Going Outside

A rainbow of paint drips cover the floor like confetti. Music blasts from a small radio in the corner while light pours in from a tall, narrow window behind it.

Dressed in a weathered apron, hair tied back, Emma Barr mixes a brilliant shade of fuchsia.

“Sometimes, if I haven’t been working in it for a while, I kind of forget how to make the paint because it’s chemistry,” she says, as she swirls the colour in a tin tray.

Barr uses the ancient and uncommon medium of cera colla. The chemistry she refers to includes a unique mix of cottage cheese, ammonia, beeswax, water and acrylic.

Working with the cold wax paint can be different every time and that inconsistent challenge led Barr to keep with the medium.

“I just didn’t figure it out right away. IF I figure something out right away. Like acrylic, you can figure out pretty fast; oil you can figure out pretty fast … but, this, you have to make your own paint,” Barr explains.

“I learnt how to make it and do a few layering things and got on to this technique that I use, which is actually carving into the paint and I just thought there’s so much to learn from it.”

Barr continues to discover cera colla in her latest show, Into the Woods. But the show isn’t exactly for Yukon eyes – the young artist netted a solo exhibition in Toronto at Laurier Gallery.

About two years ago, Barr was working at Yukon Artists @ Work when a couple bought two of her early abstract cera colla works.

“They said, ‘You should really come to Toronto. Your stuff would do awesome. It wouldn’t be a matter of selling, it would be a matter of supply and demand,'” she says.

“And that was based on these really abstract works, so now I’m going to Toronto with totally different work.”

Into the Woods juxtaposes Barr’s application techniques. Some pieces demonstrate a textured abstract discipline, while others show her attention to detail with strong lines and crisp colours.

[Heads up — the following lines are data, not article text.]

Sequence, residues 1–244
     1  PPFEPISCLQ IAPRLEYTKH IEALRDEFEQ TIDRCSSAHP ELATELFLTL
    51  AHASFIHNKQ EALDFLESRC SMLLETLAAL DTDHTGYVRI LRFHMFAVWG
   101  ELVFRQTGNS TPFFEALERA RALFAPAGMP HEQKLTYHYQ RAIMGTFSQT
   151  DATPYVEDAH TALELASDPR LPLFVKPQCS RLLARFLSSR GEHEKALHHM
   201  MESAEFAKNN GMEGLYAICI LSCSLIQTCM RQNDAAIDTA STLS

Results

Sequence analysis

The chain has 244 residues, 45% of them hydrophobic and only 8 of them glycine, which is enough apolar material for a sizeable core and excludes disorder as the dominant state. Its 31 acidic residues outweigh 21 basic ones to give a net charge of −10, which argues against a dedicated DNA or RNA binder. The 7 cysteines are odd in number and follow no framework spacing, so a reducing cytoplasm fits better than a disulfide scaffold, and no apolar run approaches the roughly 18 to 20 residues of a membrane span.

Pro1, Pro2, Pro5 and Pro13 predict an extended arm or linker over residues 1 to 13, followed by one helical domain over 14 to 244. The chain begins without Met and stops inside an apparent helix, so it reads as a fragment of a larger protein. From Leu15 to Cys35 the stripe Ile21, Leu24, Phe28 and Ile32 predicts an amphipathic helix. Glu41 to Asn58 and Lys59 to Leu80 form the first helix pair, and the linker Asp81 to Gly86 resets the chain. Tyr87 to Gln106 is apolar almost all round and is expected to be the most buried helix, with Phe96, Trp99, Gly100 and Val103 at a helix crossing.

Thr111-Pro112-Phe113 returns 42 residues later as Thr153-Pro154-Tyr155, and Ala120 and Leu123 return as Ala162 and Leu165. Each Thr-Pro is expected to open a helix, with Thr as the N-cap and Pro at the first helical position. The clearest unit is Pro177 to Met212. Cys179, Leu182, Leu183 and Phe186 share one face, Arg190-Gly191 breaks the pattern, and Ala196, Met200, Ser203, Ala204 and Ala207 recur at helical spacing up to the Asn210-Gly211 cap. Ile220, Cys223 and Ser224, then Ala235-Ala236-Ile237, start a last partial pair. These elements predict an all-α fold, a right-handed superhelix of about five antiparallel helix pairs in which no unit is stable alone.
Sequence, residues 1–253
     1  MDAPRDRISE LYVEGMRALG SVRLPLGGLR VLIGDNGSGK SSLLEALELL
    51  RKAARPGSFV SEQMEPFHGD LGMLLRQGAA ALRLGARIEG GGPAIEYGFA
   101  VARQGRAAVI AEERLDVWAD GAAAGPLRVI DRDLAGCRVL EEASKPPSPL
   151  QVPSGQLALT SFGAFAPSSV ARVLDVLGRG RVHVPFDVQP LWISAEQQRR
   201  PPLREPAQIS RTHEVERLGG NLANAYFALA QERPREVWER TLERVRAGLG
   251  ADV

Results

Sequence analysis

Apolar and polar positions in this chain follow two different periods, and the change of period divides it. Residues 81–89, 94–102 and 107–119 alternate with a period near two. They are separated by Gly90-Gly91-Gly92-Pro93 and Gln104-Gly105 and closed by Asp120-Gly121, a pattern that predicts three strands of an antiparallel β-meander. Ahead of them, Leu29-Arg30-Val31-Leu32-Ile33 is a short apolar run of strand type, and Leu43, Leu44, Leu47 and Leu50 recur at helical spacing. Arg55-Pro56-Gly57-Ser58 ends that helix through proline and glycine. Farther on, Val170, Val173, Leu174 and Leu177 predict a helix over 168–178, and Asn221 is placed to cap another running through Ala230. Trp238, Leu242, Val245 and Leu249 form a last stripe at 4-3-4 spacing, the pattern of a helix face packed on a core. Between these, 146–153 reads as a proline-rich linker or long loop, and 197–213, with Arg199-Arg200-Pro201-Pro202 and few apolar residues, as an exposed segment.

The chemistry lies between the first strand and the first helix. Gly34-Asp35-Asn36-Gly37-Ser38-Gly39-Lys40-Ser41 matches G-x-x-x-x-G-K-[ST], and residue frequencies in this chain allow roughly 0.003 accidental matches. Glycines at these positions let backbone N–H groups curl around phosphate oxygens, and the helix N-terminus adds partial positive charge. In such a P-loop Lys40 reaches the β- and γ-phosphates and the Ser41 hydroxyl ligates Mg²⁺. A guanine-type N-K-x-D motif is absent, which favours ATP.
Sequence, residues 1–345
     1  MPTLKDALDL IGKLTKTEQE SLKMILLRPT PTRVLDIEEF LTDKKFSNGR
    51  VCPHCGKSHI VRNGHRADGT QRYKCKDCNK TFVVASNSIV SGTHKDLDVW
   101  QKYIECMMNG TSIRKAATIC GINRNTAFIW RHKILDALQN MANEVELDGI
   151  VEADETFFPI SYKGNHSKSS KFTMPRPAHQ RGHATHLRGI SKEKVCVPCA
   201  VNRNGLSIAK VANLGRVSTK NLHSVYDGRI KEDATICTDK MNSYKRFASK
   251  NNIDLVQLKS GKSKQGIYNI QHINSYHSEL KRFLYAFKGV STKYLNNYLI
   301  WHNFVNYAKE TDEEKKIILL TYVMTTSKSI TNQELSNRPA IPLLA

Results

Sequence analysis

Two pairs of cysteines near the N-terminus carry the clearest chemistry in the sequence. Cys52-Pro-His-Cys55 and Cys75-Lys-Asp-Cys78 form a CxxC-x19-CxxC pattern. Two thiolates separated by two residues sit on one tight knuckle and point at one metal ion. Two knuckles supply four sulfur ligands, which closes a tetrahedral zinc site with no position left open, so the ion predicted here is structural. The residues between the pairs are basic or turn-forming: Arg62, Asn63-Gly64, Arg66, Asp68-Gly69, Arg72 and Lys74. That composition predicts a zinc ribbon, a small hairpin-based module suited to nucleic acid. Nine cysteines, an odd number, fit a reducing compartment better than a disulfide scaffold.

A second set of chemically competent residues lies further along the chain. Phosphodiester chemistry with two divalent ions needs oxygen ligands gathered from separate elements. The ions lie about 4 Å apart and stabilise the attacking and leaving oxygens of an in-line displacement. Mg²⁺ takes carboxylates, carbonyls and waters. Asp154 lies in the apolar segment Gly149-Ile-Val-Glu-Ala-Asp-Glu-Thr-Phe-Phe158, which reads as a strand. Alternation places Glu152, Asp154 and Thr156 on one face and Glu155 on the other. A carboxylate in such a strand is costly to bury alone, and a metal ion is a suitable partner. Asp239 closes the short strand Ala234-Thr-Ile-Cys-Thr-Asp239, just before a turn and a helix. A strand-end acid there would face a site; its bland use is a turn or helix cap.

The common thread: Yukon’s nature in vivid hues.

“I just took off to the woods and I kept walking and recording images, taking my camera out, just photographing whatever interested me. And I went out to my parents’ house and watched the feeding birds. That’s kind of when it clicked,” Barr says.

“These birds, I don’t know why, but they’re interesting shapes and their mannerisms and their aggressiveness was really interesting to me.”

In the artwork, those feeding birds are silhouetted in a blanket of snow, or peering out amongst a barrage of branches.

A swan is etched into the wax layers of one piece with a more abstract treatment, while another work depicts a chickadee cast out of revealed colour layers.

Barr says the show didn’t take on the heavy abstract she’d originally intended, it will be her way of bringing a piece of the Yukon to the big city.

“It’s going to speak for itself. It’s going to be art. It’s going to be on the wall. It’s going to be enjoyed by people. I can’t please everyone, but it’s still scary going to Toronto and committing so much.

“Financially it’s quite a risk and if you do well, great, you’ll pay for it. And if you don’t, you’ll go into even more debt. Just tag it on to the student loan, you know,” she says with a laugh.

Emma Barr’s Into the Woods opens at Laurier Gallery on June 21.

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